Impact Investing Network
Guidelines and Principles for Impact Investment in Aotearoa New Zealand
Updated: Jan 18
A report to provide guidelines for investors on the principles of impact investing in the Aotearoa NZ context. A collaboration between the Impact Investing Network, Toitū Tahua: Centre for Sustainable Finance and PwC.
‘We are living in very challenging times and now more than ever it’s important for the financial sector to embrace impact investing and help catalyse the transition to a truly sustainable Aotearoa.’
New guidelines will help counter skepticism in a small but growing area of investing called ‘impact investing’. The guidelines are also expected to help mainstream funds meet rising expectations for investments to have positive effects on communities, climate and the environment.
‘Guidelines and Principles for Impact Investment in Aotearoa New Zealand’ has been developed by Toitū Tahua: Centre for Sustainable Finance, PwC and Impact Investing Network (IIN).
The voluntary guidance is the first industry-led definition of impact investing in this country. It gives a working definition of impact investing as “investments made with the intention to generate positive, measurable social, cultural, or environmental impact alongside a financial return”, and outlines eight guiding principles.
The definition largely follows the accepted international one, developed by the Global Impact Investing Network, adding ‘cultural’ to recognise the relationship with mana whenua and Te Tiriti o Waitangi.
“The goal of the Centre and the IIN is to shift more capital away from investment that has negative impacts, and toward investment that has positive ones. This guidance is a resource for investors who are looking to authentically shift in this direction,” said David Woods, a board member of both the Centre and IIN, and deputy chair of New Zealand Green Investment Finance, the Government-funded green finance bank.
“Globally impact investing is a niche but important part of the sustainable finance market. It’s where ideas and techniques around developing, structuring and measuring projects that have social and environmental objectives, get developed. These then get picked up by mainstream investors for wider application.
“A clear definition and common principles also helps regulators, investors and consumers to differentiate between impact and other forms of investing,” Woods said.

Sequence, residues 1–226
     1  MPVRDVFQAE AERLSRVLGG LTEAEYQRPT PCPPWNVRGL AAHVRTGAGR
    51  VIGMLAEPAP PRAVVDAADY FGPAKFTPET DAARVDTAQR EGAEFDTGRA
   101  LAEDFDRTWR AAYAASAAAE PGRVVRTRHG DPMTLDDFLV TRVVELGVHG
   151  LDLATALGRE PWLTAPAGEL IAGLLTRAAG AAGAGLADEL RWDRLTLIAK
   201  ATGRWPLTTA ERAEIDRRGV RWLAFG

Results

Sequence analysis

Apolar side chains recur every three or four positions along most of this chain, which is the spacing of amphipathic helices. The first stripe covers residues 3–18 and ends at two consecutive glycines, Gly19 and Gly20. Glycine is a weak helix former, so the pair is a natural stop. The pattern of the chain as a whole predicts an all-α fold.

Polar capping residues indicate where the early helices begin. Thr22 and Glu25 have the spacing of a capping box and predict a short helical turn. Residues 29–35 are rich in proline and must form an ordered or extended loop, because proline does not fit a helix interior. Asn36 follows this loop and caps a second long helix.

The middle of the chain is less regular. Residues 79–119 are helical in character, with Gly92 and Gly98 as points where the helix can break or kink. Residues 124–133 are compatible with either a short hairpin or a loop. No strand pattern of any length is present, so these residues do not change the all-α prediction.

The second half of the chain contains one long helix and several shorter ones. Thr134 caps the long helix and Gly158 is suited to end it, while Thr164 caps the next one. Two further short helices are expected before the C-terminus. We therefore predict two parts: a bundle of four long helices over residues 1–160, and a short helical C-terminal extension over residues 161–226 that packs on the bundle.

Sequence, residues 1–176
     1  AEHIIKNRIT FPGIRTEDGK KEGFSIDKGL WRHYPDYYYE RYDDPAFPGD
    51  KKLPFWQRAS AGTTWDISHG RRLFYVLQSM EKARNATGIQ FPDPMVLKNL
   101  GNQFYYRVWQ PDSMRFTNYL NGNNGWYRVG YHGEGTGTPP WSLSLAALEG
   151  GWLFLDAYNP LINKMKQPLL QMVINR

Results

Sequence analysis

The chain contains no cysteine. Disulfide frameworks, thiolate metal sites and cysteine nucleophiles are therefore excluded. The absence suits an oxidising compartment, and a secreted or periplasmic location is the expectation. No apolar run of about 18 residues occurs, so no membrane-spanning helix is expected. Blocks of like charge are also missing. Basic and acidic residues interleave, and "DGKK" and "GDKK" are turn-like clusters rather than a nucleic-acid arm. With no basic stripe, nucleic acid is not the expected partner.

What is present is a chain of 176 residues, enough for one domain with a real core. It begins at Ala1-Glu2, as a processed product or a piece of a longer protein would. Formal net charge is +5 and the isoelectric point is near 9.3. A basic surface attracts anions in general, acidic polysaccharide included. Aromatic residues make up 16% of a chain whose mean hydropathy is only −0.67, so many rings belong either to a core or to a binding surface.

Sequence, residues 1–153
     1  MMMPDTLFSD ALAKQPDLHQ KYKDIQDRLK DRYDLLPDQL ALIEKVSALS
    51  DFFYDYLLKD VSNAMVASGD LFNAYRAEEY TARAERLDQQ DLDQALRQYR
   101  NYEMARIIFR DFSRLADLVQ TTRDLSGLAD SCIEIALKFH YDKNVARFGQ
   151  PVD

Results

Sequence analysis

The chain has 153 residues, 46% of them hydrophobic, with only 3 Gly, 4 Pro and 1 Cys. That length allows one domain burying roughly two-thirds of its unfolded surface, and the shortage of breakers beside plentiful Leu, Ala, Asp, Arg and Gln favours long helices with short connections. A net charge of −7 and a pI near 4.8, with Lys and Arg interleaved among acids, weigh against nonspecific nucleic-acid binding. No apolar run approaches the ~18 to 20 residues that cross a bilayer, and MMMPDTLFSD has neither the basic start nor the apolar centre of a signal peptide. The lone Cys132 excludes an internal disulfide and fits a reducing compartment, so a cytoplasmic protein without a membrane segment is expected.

Impact investing differs from ESG (Environment, Social and Governance) and other forms of responsible investing by putting positive environmental, social and/or cultural ‘returns’ on a par with, rather than second to, financial returns. The requirement for a financial return, or at least to make one’s money back, distinguishes impact investing from philanthropy or grant-making.
Andrew Jamieson, Strategy and ESG Partner at PwC, said, “These guidelines are offered as a starting point; they’re a conversation-opener, not the final word. This is a complex, fast-evolving and increasingly relevant area. Measurability – one of the principles – is an example of where current practice is often limited by a lack of metrics. However, a lot of effort globally is going into developing more sensitive and robust ways of measuring social and environmental impacts.”
Katie Beith, IIN Board member and Head of ESG at Forsyth Barr, said, “There’s a need to protect the impact investing industry so that it doesn’t come under the same criticisms that ESG investing is currently facing".
“The guidelines will help safeguard against ‘impact-washing’ by bringing greater rigour and clarity to those features that differentiate impact investing from other investing approaches. This is crucial, as these are the features that can prove an investment is driving real social or environmental change.”
Those features include intentionality (investing with the intention to deliver impact), measurability, additionality (‘additional’ impact that wouldn’t have occurred without the investment), which are each covered by principles in the guidelines.
In Aotearoa New Zealand, the impact investment market grew from $3b to $8b, from 2020 to 2021. Impact investment accounted for $8b of the total $179b responsible market, which in turn accounted for almost half (49%) of the overall market (Responsible Investment Benchmark Report Aotearoa NZ 2022).
However, the industry is growing and mainstream players are starting to get involved.
Katie Beith: “Supply of investible impact deals remains an issue. These guidelines will help the whole ecosystem evolve.”
Bay of Plenty community trust BayTrust allocates up to 10% of its $250 million endowed investment base in impact investing. Its impact investments are targeted towards improving housing conditions for those living in inadequate housing; generating opportunities for meaningful, sustainable jobs; and addressing environmental or climate change issues.
BayTrust Chief Executive Alastair Rhodes also chairs IIN. He said, “It’s taken us 10 years to get to a 10% impact allocation, which we see enhancing our ability to accelerate bold and meaningful change for our community. I believe these guidelines will help other trusts get to this point much quicker, and help catalyse the transition to a truly sustainable Aotearoa.”
Joint statement from:
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